Because of actinidin, an enzyme, the fruit helps with bloating and digesting protein-rich meals. Kiwi fiber helps improve bowel movements.

Dragon fruit

Dragon fruit is rich in fiber and contributes to improving digestion. Some studies found that dragon fruit contains prebiotics that promotes the growth of healthy bacteria: lactic acid bacteria and bifidobacteria. Because of it, the fruit may improve the balance of good bacteria in your gut.

Also, dragon fruit contains iron that plays a significant role in transporting oxygen throughout the body. To fight low iron levels, that can occur during periods; it is good to add dragon fruit into your diet.

Vitamin C and other phytochemicals in the fruit promote iron absorption.

Passion fruit

Passion fruit contains lots of iron, and it is recommended to consume when a woman faces hemoglobin deficiency, a condition called anemia.

Anemia can happen during heavy periods, and sometimes, it can lead to severe problems. Usually, the symptoms of anemia include chronic fatigue, blackouts, dizziness, and breathlessness.

Also, passion fruit is rich in dietary fiber that makes it beneficial for digestion and improves bowel movement. The high water content of the fruit helps to overcome dehydration.

Passion fruit is also rich in alkaloids, that can help overcome various discomforts related to periods. They are well-known phytonutrients with sedative properties. That is why you can take passion fruit to enhance mood, treat depression, anxiety, and sleeping disorders[3].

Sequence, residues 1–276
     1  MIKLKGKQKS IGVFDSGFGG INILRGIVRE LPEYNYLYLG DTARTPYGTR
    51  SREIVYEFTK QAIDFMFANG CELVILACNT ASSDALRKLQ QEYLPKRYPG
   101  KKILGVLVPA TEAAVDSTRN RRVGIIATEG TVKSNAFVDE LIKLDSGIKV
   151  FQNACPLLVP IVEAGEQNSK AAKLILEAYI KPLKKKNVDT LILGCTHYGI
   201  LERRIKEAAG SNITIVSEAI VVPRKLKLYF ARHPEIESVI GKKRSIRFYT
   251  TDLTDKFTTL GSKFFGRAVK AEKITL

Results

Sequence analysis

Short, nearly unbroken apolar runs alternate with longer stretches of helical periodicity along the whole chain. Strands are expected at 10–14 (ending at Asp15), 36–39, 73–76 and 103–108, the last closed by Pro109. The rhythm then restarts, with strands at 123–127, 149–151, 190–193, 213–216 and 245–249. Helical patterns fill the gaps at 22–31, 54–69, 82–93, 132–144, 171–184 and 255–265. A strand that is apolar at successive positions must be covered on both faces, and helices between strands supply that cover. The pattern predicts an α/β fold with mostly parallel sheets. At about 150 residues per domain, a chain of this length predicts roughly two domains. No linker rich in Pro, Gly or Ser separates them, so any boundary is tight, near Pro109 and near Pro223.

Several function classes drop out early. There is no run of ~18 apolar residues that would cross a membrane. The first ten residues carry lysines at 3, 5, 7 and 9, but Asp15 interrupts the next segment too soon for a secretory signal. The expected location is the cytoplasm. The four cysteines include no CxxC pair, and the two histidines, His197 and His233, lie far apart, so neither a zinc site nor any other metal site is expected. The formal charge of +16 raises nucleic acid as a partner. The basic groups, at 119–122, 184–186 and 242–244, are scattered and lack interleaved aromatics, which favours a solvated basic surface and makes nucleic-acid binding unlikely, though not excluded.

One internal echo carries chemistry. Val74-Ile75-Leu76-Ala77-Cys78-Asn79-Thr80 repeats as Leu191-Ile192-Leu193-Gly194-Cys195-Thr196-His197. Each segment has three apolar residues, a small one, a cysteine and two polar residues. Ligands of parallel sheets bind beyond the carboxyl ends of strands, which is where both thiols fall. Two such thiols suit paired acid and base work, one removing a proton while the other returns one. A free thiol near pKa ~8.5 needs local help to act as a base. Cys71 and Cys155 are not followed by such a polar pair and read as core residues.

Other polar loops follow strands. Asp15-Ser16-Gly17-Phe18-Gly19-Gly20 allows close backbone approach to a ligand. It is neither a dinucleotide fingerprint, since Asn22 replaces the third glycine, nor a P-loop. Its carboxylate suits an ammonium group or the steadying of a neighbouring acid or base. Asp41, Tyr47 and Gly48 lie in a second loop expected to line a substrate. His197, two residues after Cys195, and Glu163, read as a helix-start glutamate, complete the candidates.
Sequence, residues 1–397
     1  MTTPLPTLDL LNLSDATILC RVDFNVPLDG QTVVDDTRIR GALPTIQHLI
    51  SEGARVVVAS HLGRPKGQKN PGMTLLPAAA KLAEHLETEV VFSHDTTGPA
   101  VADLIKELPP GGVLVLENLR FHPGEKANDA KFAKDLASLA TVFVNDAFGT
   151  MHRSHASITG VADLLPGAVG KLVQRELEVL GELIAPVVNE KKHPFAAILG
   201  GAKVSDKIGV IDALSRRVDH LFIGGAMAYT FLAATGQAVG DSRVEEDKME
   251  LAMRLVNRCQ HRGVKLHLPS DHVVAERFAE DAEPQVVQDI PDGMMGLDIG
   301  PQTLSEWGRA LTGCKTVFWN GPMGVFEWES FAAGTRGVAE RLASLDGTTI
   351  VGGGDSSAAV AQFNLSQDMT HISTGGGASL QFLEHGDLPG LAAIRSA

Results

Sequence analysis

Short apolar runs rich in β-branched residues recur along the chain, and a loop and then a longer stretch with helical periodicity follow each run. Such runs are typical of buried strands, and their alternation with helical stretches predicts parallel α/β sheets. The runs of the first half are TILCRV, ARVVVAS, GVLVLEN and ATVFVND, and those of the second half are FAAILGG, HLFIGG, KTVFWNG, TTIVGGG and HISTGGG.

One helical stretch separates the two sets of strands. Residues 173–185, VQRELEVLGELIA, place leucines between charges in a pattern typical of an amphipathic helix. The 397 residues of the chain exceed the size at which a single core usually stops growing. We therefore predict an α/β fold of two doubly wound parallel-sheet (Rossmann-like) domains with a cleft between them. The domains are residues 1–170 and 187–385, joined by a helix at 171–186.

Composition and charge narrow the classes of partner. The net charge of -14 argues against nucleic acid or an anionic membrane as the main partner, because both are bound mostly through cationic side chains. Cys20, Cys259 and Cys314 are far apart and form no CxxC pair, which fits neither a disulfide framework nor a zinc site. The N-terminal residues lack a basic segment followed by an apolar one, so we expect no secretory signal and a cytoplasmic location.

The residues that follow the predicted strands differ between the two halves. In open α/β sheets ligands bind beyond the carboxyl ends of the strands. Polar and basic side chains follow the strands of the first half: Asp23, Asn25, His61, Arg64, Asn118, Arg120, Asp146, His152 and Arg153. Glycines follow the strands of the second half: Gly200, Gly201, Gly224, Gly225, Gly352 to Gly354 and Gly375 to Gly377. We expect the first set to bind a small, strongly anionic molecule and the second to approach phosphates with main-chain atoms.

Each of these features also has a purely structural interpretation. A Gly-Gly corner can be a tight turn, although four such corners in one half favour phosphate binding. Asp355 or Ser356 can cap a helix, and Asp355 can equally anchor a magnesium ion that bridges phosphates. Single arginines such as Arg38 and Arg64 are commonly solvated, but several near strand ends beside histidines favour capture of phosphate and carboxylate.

Papaya fruit

Papaya fruit contains useful digestive enzymes that help with gastrointestinal disorders. Because of low mood, depression, and other psychological issues, women may engage in binge eating during periods[5], may resort to eating more junk food too.

The digestive enzymes of papaya help digest these meals and prevent nausea or bloating.

Another enzyme of papaya fruit called papain is helpful to ease menstrual pain and regulate flow[1]. Few servings of raw papaya may help stimulate estrogen production, and it can be helpful against irregular periods.

Butter fruit

Butter fruit or avocado is also beneficial to women experiencing discomfort due to periods. The fruit helps in many ways.

Firstly, it contains vitamin D3 that is a natural painkiller and may help stop severe pain and cramps[1]. Secondly, butter fruit is rich in potassium that helps against bloating and combats muscle pain.

Moreover, butter fruit contains healthy fat, magnesium, and dietary fiber that contribute to balancing women’s hormones. Half of the avocado on toast or in the salad will help you ease symptoms caused by disruption of hormonal functions.

Guava fruit